So what does a true and useful education consist of? For the school teacher it is in a politically determined mix of subjects pitched a certain way for a classroom full of children from all sorts of backgrounds and filtered through legal and other socio-political parametres with the aim of producing an outcome in students’ lives which matches a stated objective in a Ministerial document. If the powers that be decide a change is necessary, it will be a good seven years before the drafts are formulated, trialled, assessed, redrafted, approved, adopted and actually introduced and implemented. By then of course the initial problem has mutated beyond recognition and the target children have passed through the system and a new set are being served a special mix designed for a situation and a time which no longer exist.
For the home educating mum it consists of those basic skills plus general and specific knowledge she knows are required to get on in the world: she and her husband and extended family talk about what it’s like out there to be a worker, an employer, a homemaker, a spouse, a parent. They know the character qualities employers want, that they have always wanted throughout history, and that neither School Certificate exams nor university degrees impart those qualities. Christian parents in particular are individually crafting unique children to serve the God of the Universe according to the syllabus He has provided in the Scriptures. They are not that impressed with the state’s attempts through the schools to improve children, the country’s most valuable resource (right up there next to chilled lamb and green-lipped mussels), or with the socialists’ attempt to inculcate the simplistic non-judgmental vision of tolerating every perversion under the sun, somehow making our global village a better place in which to live.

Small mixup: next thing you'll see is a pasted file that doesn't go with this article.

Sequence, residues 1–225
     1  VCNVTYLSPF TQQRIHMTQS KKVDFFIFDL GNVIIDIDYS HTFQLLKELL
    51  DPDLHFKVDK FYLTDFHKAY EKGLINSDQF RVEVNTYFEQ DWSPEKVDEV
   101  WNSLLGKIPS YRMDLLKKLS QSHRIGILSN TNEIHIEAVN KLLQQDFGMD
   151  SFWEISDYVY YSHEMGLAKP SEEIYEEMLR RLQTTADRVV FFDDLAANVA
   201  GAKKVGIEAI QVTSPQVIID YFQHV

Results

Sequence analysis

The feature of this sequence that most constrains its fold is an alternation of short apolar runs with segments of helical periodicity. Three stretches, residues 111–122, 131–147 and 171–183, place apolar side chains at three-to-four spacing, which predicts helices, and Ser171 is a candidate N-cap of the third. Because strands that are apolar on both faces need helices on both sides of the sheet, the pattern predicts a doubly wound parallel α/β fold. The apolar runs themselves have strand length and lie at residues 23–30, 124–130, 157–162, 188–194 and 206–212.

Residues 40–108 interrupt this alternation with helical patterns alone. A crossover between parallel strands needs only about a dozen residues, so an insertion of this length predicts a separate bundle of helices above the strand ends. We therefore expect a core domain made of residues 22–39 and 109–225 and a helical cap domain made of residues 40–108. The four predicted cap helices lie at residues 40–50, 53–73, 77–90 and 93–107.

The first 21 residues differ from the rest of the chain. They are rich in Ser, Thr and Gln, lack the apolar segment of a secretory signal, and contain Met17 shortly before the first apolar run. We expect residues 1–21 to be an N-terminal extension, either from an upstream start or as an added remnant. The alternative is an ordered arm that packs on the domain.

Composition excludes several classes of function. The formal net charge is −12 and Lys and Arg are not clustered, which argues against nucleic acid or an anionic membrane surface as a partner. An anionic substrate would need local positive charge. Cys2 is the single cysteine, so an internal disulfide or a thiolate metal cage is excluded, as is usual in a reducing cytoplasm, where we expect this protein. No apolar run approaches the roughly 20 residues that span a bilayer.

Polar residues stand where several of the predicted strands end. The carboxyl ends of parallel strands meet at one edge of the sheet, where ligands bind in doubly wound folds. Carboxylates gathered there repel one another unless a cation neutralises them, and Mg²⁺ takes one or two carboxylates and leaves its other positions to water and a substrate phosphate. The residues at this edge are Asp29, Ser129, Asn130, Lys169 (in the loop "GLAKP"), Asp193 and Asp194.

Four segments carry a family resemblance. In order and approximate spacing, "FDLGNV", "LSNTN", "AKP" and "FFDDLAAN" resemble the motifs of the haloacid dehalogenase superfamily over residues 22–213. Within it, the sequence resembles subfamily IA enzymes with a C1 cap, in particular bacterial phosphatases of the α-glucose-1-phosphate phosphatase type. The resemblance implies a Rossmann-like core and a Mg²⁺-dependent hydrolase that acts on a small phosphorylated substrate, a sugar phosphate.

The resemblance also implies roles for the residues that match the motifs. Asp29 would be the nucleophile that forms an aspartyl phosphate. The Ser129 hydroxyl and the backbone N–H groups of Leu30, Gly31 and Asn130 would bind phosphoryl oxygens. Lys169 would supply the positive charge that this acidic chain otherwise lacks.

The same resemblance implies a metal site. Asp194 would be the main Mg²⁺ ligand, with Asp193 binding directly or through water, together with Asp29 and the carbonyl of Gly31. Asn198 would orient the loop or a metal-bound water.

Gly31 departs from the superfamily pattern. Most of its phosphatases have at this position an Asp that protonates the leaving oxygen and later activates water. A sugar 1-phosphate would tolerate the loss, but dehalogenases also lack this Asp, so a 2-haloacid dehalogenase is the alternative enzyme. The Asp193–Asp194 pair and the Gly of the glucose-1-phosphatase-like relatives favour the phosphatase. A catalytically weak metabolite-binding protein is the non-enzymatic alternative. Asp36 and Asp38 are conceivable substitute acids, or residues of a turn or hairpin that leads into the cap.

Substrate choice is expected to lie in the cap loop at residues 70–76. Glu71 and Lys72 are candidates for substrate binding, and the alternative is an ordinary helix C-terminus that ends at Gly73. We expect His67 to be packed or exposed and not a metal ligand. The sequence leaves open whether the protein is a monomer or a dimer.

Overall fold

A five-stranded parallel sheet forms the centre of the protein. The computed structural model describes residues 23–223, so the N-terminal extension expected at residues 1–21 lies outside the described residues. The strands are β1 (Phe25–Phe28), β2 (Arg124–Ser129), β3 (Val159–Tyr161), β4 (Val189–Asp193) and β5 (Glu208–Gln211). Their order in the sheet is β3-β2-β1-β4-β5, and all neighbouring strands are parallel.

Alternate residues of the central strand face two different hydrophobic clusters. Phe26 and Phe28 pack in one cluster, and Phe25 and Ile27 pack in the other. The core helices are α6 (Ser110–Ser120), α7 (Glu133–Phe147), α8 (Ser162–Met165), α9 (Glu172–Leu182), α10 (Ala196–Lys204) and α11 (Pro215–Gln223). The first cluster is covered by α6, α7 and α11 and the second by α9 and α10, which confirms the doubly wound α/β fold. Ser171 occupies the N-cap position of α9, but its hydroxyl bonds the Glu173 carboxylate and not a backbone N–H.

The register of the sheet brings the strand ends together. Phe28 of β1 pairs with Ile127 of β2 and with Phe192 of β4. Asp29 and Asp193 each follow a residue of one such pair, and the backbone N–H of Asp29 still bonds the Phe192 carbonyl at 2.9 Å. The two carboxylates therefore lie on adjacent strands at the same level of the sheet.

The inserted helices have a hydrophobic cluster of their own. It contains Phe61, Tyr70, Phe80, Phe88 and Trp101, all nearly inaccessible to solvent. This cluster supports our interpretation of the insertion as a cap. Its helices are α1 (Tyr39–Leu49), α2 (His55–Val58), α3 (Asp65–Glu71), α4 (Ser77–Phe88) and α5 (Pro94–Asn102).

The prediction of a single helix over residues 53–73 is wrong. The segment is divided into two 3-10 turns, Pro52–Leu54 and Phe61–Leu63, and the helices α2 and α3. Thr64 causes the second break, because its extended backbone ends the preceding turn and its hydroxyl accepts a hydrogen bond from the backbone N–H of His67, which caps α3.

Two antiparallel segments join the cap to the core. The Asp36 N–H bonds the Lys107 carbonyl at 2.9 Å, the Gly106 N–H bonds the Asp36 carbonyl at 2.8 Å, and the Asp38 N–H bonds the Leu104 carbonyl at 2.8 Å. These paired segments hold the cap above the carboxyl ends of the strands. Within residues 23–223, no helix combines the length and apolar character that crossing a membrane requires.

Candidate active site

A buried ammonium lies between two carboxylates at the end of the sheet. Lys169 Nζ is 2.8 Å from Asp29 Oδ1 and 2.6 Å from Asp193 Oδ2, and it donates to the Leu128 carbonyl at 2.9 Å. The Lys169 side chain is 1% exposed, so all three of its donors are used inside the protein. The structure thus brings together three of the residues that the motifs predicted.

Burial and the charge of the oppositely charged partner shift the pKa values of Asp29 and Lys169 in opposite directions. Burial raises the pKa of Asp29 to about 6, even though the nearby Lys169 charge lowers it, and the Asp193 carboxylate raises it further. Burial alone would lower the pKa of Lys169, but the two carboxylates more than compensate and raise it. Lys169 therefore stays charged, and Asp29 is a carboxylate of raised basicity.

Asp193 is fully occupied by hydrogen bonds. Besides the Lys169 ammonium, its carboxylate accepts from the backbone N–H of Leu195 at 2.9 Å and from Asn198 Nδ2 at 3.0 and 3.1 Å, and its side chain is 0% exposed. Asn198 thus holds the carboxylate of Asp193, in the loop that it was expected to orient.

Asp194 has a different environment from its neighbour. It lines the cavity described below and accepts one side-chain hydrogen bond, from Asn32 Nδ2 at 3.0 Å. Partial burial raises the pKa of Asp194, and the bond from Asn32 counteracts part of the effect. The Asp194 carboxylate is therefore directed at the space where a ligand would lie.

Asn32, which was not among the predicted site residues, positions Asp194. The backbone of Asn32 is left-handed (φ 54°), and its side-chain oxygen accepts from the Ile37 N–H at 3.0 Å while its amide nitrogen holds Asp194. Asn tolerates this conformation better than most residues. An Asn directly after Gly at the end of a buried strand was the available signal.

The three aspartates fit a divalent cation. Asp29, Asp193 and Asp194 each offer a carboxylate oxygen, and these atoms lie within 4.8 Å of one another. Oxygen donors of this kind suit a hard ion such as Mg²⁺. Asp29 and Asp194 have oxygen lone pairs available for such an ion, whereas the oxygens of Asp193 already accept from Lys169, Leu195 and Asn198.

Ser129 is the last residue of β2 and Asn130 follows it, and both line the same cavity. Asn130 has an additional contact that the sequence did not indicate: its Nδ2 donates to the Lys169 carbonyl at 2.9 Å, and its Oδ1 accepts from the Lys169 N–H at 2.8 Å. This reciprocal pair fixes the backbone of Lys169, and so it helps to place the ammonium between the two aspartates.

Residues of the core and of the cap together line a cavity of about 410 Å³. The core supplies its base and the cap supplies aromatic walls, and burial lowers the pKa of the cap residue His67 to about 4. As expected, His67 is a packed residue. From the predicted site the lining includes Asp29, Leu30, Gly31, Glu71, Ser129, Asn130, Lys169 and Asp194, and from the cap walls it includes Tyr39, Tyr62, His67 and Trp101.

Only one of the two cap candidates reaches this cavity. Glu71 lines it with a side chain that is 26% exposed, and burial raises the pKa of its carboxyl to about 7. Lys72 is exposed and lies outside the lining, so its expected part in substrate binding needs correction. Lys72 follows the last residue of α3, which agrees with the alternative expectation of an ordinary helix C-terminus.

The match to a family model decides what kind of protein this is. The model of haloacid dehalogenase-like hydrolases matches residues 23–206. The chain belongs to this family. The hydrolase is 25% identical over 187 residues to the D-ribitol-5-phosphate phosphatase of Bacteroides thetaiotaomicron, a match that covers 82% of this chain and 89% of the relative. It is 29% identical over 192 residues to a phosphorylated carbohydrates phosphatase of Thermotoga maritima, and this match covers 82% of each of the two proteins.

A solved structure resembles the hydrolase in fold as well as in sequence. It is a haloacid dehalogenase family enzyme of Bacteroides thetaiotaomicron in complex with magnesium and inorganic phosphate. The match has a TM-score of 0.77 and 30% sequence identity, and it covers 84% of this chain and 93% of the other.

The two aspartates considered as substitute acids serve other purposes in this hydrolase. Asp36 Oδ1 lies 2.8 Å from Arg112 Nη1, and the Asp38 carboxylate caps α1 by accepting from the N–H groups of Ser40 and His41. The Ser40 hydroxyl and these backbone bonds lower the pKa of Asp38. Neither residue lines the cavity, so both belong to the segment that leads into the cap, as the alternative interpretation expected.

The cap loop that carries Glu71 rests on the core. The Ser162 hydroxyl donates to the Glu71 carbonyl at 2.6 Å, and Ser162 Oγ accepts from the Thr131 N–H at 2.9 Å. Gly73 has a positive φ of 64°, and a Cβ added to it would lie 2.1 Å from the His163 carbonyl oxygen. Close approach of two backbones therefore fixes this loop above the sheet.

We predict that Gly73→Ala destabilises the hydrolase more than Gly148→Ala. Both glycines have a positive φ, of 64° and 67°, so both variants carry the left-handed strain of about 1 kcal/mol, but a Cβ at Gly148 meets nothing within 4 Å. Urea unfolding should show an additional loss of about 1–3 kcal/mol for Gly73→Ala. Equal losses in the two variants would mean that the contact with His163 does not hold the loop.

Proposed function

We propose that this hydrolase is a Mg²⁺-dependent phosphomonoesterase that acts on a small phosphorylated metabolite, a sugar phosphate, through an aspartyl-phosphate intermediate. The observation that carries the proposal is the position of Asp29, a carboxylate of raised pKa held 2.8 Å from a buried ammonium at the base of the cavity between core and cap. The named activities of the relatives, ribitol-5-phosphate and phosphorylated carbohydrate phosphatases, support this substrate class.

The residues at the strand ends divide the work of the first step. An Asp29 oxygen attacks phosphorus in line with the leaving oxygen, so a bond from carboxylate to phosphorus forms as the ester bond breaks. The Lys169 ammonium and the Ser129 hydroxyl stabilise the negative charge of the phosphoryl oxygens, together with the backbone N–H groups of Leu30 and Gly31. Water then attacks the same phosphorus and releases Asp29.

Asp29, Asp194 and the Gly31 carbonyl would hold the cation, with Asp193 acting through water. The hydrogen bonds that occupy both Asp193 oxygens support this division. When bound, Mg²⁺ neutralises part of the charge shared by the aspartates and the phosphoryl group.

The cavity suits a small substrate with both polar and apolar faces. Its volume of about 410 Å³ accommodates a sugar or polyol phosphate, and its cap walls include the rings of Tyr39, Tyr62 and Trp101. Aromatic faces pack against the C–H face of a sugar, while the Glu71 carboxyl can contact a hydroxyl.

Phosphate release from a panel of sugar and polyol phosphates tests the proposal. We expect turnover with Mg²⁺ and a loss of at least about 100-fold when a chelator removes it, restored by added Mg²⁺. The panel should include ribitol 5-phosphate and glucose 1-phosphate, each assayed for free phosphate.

The home educating mum knows that rooms, desks and books are dead things. It is imparting life from her heart to her child that makes an education. The most important lessons in her life she did not learn in the classroom but in the school of hard knocks. This is what she imparts. The children are not left interminably to interact with books or CD ROMs, but are encouraged to interact with mum and dad and other siblings and people in the real world of the home, the marketplace, the workplace and the community. They don’t only do word problems from a text book, but do real-life problems like working out the week’s menu from the available budget.
In short, marriage, parenthood and homemaking are probably the best teaching credentials one could have.
From Keystone Magazine
March 2000 , Vol. VI No. 2
P O Box 9064
Phone: (06) 357-4399
Fax: (06) 357-4389